Wednesday, February 20, 2008

The Kingdom of the Chosen

For many are called but few are chosen. (Matthew 22:14)

Many get invited; only a few make it. (The Message)
Jesus gives the chief priests and Pharisees this final parable about entering into the kingdom of Heaven on Earth:
The kingdom of heaven is like a certain king who arranged a marriage for his son, and sent out his servants to call those who were invited to the wedding; and they were not willing to come. Again, he sent out other servants, saying, “Tell those who are invited, ‘See, I have prepared my dinner; my oxen and fatted cattle are killed, and all things are ready. Come to the wedding.’” But they made light of it and went their ways, one to his own farm, another to his business. And the rest seized his servants, treated them spitefully, and killed them.

But when the king heard about it, he was furious. And he sent out his armies, destroyed those murderers, and burned up their city. Then he said to his servants, “The wedding is ready, but those who were invited were not worthy. Therefore go into the highways, and as many as you find, invite to the wedding.” So those servants went out into the highways and gathered together all whom they found, both bad and good. And the wedding hall was filled with guests.

But when the king came in to see the guests, he saw a man there who did not have on a wedding garment. So he said to him, “Friend, how did you come in here without a wedding garment?” And he was speechless. Then the king said to the servants, “Bind him hand and foot, take him away, and cast him into outer darkness; there will be weeping and gnashing of teeth.” For many are called, but few are chosen. (Matthew 22:2-14)
At the conclusion of the parable, Jesus asks them no questions, rhetorical or otherwise. The meaning is plain enough. They knew well enough that He was talking about them, thought they would, no doubt, have taken great exception to it. But they were like the wicked vinedressers of the previous parable, who killed the servants, and finally the son, of the landowner. And now, in this parable, they are like those who were invited, but who disregarded it, and some even killed the king’s servants. Jesus later speaks to the scribes and Pharisees, no longer in parables, which offered them an opportunity to repent, but indicts them directly:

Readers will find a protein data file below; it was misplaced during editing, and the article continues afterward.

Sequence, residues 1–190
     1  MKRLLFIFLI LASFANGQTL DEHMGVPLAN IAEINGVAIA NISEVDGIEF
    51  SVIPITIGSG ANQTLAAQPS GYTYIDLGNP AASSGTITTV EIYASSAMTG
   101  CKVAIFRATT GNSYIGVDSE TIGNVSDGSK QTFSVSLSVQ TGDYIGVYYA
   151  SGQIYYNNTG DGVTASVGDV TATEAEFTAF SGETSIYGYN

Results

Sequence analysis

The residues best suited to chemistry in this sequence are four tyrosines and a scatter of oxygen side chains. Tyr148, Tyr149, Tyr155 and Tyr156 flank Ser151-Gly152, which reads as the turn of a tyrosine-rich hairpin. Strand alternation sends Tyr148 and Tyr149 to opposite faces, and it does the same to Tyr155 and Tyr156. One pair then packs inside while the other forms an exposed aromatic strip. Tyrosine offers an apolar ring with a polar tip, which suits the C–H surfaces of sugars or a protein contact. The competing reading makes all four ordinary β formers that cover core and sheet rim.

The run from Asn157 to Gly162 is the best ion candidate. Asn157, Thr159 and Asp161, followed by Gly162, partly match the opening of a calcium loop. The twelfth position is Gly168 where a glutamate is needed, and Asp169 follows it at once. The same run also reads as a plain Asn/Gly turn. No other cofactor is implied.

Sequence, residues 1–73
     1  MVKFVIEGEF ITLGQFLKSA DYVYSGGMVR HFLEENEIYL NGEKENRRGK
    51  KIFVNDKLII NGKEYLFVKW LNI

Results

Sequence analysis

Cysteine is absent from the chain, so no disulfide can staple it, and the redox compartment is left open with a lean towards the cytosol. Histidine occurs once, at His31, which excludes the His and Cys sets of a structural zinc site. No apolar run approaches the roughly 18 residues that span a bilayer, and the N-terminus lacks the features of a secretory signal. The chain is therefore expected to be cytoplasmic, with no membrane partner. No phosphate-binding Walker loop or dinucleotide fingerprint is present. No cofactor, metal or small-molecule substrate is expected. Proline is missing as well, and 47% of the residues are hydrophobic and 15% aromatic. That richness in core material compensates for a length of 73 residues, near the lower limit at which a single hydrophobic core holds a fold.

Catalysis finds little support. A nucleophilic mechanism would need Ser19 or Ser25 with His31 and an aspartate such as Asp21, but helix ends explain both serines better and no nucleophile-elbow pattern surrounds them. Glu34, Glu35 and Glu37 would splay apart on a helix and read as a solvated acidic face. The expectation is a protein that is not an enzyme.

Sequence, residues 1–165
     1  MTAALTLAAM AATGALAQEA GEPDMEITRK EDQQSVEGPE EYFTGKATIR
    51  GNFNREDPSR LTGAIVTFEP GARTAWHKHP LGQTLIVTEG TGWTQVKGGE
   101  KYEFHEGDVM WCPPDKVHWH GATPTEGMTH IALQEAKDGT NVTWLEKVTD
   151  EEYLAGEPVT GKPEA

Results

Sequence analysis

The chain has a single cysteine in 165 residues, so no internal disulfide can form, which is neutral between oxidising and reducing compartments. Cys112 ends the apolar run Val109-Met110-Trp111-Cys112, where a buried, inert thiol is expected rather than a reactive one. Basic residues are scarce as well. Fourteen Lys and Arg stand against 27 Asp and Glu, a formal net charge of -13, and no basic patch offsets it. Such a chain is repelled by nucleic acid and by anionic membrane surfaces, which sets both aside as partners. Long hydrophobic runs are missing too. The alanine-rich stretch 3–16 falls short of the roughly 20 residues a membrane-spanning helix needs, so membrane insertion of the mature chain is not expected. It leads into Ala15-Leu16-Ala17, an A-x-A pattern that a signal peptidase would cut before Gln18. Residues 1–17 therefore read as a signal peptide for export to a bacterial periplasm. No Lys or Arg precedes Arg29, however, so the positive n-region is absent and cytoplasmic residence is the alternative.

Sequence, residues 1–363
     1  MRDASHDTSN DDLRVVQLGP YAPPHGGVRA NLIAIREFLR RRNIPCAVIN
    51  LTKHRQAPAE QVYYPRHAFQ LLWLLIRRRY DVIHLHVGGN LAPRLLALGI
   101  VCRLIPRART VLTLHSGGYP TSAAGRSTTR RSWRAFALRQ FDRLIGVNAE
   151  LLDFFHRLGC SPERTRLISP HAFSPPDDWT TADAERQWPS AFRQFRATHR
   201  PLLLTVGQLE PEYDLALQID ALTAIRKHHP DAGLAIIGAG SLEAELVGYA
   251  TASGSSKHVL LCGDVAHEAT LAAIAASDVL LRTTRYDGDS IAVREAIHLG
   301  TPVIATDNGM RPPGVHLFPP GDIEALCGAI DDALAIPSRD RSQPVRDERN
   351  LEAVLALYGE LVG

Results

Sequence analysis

Woe to you, scribes and Pharisees, hypocrites! Because you build the tombs of the prophets and adorn the monuments of the righteous, and say, “If we had lived in the days of our fathers, we would not have been partakers with them in the blood of the prophets.” Therefore you are witnesses against yourselves that you are sons of those who murdered the prophets. Fill up, then, the measure of your fathers’ guilt.

Serpents, brood of vipers! How can you escape the condemnation of hell? Therefore, indeed, I send you prophets, wise men, and scribes: some of them you will kill and crucify, and some of them you will scourge in your synagogues and persecute from city to city, that on you may come all the righteous blood shed on the earth, from the blood of righteous Abel to the blood of Zechariah, son of Berechiah, whom you murdered between the temple and the altar. (Matthew 23:29-35)
God gave an invitation to come celebrate His Son, an invitation to the “wedding feast” (foreshadowing the “marriage supper of the Lamb” in Revelation 19:9). But the religious leaders mostly ignored and rejected it, sometimes violently, even killing His prophets. They were not very happy about the Son, either, and wanted to kill Him as well.

In the parable, the king was not pleased; he had the murderers destroyed and their city burned. Then, since those he had originally invited would not come, he had his servants go out where the crowds were and gather people in to fill up the wedding hall. A great honor, which was initially shown only to a few, was now extended to all, “both bad and good” — that is, regardless of who they were or what they had done.

This corresponds with history, for the Jewish leaders did indeed reject Jesus, the Son of God, and plotted to have Him crucified. Within a generation, their city, Jerusalem, was burned (this happened in AD 70). Meanwhile, the invitation of the Gospel was offered to all, Jew and Gentile alike.

In the parable, the guests show up, but the king notices one who has not dressed appropriately. In ancient times, it was often the custom for kings and other notables, when they hosted weddings and other affairs, to supply their guests with robes befitting the occasion. But here was a man who, though he did not reject the invitation to come, decided that his own garments would be good enough. He was summarily ejected.

The garment God is looking for is one of repentance and faith, a heart of humility, not a display of arrogance. There are many people who are called to God’s feast but who want to come on their own terms. God has provided the appropriate attire for them but they believe their own is sufficient. It is not.

The kingdom of Heaven on Earth is a kingdom of the chosen. The invitation is given to all but we each must respond by faith, depending fully on the faithfulness of the King instead of on our own identities or deeds. For many are called, but only those who believe are chosen.